Help for Fear of Public Speaking
For those with phobias, it’s difficult to turn their focus away from the physical symptoms of their anxieties. The fear of public speaking can cause sufferers to be overwhelmed by their physical state, unable to think about anything except their trembling hands or shaky voice. Learning to recognize and take control of negative thoughts, and how to change one’s focus, can often be accomplished through CBT. Rather than mentally or physically running away from the fear, people can learn new ways to confront their anxiety and challenge their own thinking, while gaining mechanisms that can help them cope in effective, healthy, and sustainable ways.
Under the guidance of a licensed mental health professional, CBT can be the key for many people to unlock their fears and be on their way to successful public speaking. If you would like to learn more about how Dr. Andrew Rosen and the staff at The Center for Treatment of Anxiety and Mood Disorders can help you with your fear of public speaking, please contact us for a confidential assessment at (561) 496-1094.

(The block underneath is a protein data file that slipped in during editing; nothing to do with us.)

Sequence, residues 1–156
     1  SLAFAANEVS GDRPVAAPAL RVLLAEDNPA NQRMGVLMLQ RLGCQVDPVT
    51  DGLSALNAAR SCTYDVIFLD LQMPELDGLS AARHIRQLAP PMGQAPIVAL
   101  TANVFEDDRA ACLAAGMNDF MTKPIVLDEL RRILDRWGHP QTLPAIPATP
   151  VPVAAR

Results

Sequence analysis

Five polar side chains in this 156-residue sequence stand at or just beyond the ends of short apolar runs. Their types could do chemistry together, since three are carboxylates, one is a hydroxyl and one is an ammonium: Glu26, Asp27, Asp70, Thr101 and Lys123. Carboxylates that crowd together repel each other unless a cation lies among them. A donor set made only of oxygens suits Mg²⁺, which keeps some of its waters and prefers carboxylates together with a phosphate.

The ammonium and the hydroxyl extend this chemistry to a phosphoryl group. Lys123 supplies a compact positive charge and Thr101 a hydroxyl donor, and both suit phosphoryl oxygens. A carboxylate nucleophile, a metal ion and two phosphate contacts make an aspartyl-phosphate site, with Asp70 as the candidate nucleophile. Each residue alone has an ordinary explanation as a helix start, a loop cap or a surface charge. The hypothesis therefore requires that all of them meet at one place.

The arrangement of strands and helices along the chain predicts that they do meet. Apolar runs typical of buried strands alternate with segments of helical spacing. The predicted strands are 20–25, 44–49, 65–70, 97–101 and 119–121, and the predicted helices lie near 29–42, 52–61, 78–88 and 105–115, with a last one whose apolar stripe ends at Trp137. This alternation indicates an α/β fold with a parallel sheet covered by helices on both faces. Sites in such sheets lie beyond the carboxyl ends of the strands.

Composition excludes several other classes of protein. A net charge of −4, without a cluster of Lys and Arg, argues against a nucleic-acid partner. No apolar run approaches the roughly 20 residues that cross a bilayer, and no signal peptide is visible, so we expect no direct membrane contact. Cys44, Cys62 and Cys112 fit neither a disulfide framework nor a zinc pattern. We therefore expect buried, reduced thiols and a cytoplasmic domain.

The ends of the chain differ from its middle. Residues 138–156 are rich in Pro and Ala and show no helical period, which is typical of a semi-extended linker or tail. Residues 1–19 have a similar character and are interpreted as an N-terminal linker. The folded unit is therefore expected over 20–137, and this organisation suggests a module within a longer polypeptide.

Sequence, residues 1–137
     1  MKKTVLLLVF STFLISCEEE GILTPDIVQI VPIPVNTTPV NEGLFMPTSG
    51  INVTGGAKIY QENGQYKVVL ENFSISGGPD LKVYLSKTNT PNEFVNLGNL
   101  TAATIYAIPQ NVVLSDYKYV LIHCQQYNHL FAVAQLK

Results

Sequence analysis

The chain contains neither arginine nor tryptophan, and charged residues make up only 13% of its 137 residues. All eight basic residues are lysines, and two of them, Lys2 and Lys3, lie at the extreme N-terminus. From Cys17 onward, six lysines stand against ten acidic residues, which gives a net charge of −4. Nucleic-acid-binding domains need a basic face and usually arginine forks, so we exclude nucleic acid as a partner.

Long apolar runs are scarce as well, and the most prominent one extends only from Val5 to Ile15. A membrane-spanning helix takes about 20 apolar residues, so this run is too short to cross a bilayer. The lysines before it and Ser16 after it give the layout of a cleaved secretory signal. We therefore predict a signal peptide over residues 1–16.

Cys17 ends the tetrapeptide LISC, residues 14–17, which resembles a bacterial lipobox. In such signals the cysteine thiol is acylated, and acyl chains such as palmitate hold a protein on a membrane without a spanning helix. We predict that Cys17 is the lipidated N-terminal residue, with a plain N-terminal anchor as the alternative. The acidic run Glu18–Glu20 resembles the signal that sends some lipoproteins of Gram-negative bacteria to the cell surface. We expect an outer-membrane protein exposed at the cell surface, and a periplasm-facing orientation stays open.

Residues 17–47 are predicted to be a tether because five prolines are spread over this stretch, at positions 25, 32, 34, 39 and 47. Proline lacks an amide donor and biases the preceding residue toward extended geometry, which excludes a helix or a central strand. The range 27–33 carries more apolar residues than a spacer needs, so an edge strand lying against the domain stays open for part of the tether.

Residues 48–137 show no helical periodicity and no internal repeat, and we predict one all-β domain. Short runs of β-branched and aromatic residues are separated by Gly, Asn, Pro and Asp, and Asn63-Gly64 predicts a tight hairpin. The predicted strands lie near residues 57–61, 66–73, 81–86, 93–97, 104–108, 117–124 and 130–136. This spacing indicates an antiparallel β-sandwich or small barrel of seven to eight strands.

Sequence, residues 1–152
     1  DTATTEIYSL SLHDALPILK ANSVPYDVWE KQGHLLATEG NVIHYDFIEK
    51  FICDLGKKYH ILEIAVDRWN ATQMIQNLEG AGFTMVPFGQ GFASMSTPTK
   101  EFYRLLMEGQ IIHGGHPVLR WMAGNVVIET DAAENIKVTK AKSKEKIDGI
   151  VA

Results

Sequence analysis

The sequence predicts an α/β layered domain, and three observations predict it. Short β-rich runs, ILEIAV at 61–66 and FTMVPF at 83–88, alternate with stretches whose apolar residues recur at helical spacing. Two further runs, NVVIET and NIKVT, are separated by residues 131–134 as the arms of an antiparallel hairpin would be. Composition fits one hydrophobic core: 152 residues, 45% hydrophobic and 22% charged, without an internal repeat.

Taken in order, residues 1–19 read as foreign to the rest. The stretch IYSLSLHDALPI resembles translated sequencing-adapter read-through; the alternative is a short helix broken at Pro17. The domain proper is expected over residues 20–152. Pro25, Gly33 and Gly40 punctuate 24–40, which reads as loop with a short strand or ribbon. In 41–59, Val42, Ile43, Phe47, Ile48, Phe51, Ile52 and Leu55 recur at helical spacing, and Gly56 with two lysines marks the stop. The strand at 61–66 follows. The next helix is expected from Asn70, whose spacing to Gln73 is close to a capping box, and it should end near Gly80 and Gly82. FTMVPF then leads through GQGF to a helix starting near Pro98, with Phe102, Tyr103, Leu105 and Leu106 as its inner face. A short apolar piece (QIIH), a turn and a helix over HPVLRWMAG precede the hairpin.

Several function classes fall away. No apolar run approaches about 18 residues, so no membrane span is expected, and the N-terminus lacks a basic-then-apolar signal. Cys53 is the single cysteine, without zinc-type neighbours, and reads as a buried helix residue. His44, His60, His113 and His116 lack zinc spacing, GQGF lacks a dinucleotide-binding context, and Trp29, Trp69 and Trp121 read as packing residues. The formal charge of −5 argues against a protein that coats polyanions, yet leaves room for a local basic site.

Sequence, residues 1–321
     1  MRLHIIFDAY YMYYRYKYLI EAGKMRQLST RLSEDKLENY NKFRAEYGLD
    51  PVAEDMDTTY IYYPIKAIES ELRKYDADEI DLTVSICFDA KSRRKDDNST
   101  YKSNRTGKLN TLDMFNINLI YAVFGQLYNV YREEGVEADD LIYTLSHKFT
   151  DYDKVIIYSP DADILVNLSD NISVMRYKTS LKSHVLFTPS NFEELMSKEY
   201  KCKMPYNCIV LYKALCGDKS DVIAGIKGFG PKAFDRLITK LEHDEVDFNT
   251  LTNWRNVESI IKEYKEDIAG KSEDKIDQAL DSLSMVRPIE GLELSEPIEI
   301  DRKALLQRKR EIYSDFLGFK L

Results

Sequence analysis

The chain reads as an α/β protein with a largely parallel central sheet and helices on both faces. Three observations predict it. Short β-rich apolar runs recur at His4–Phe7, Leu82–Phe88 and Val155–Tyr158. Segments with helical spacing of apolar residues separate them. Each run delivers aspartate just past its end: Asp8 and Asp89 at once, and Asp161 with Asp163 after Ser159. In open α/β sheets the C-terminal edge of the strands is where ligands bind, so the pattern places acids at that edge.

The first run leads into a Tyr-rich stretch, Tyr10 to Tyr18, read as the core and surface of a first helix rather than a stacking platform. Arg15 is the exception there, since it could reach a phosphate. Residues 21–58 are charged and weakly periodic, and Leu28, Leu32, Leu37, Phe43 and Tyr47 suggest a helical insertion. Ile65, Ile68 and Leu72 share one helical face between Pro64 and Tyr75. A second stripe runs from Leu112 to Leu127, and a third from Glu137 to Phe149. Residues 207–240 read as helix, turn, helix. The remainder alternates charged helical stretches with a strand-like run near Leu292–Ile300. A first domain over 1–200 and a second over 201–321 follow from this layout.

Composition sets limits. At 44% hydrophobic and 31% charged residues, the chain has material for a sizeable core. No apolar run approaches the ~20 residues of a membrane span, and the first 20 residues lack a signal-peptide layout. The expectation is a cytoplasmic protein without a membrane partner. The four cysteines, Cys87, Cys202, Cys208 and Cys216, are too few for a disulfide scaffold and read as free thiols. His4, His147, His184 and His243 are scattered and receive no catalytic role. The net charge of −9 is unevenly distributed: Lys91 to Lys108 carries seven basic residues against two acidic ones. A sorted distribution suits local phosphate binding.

Treatment Programs Specializing In:
Serving the whole person, not just the symptoms. In all of our programs your comfort, privacy and long-term success are paramount.
COVID-19 Trauma has become familiar to many people throughout the pandemic. If you’re experiencing trauma, PTSD, anxiety, or depression as a result of Corona virus learn about how our COVID-19 Trauma Treatment Program can help.
We offer online therapy to help people who are unable to leave their homes. Contact us and we will will schedule your confidential online assessment.
Helping people from all walks of life find deeper connection and understanding to create stronger and healthier relationships.
Anxiety disorders are the most common psychiatric illnesses affecting children and adults. When you experience anxiety that is persistent, seemingly uncontrollable, overwhelming and disabling you may have an anxiety disorder.
Mood disorders represent a category of psychiatric disorders in which the underlying problem primarily affects a person’s persistent emotional state or mood. Mood disorders are made up of depressive types and bipolar types.